Amaya Gaming’s Quebec offices were raided by Federal Canadian police and provincial financial market regulators on Wednesday as part of an investigation into trading activity in the lead up to the company’s $4.9 billion June acquisition of the Oldford Group, parent company of the Rational Group, which owns PokerStars.
Authorities also showed up at Canadian investment bank Canaccord Genuity, as well as Canadian insurance firm Manulife Financial, as part of the same investigation.
Amaya’s stock rose rapidly in the weeks prior to the announcement of the summer takeover, suggesting something was going on behind the scenes. Meanwhile, rumors of the deal were reported in the gambling press a full three weeks before it was publicly made official. On the Friday before the rumors were first publicized in the press, stock shot up by nearly 14 per cent.
“[This] operation is part of an AMF investigation on that company. I can’t go further for the moment,” said Sylvain Théberge, a spokeman for Autorité des Marchés Financiers, which regulates Quebec’s financial markets.
Amaya released the following full statement on Wednesday night: “To provide clarification on a media report, Amaya Inc. (the “Corporation”) (TSX: AYA) confirmed that the Corporation and its officers are cooperating with the Autorité des Marchés financiers, the securities regulatory authority in the Province of Quebec (the “AMF”), in an investigation with regards to trading activities in Amaya securities surrounding the Corporation’s acquisition of Oldford Group in 2014.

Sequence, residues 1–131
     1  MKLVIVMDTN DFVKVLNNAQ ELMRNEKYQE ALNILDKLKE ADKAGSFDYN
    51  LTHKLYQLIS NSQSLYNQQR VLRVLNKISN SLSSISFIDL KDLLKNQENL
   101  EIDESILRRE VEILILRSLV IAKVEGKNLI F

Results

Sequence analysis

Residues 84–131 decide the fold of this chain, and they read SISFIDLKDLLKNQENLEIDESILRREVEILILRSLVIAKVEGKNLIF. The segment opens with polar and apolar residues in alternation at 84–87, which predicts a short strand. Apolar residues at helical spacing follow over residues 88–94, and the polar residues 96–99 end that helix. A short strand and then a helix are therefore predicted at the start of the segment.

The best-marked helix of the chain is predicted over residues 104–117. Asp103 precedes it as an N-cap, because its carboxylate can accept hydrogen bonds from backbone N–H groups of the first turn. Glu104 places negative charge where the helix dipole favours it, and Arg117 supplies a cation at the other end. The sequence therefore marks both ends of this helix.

“To the Corporation’s knowledge, this does not involve any allegations of wrongdoing by the Corporation. Amaya will continue to cooperate, if and as requested, consistent with our practice to always cooperate with regulatory authorities. The Corporation will continue to monitor the investigation if and as it proceeds. The investigation has had no impact on Amaya’s business operations, employees or companies.”
In a separate statement, a Manulife Financial spokeswoman said: “We are aware of the actions taken yesterday by the AMF and RCMP and are fully cooperating with this investigation.”
Amaya, which is listed on the Toronto Stock Exchange, was one of the success stories of the financial markets in 2014, with shares of the company rocketing by 340 percent over the course of the year, largely as a result of the PokerStars acquisition.
The deal, which transformed Amaya from a relatively unknown online gaming services provider to the biggest online gambling company in the world, was backed by the credit division of Blackstone Group, the world’s biggest private equity firm, and was funded primarily through debt financing.
Back in May, before the acquisition, as its share prices soared, Amaya tried to play down the market rumors, although it didn’t exactly deny them either.
“Strategic acquisitions have been and are one component of the company’s growth strategy and … from time to time, this process leads to discussions with potential acquisition targets. There can be no assurance that any such discussions will ultimately lead to a transaction. As a general policy, Amaya does not publicly comment on potential acquisitions unless and until a binding legal agreement has been signed. The company intends to make no further comment or release regarding current market rumours unless and until such comment is warranted,” an Amaya statement read last spring.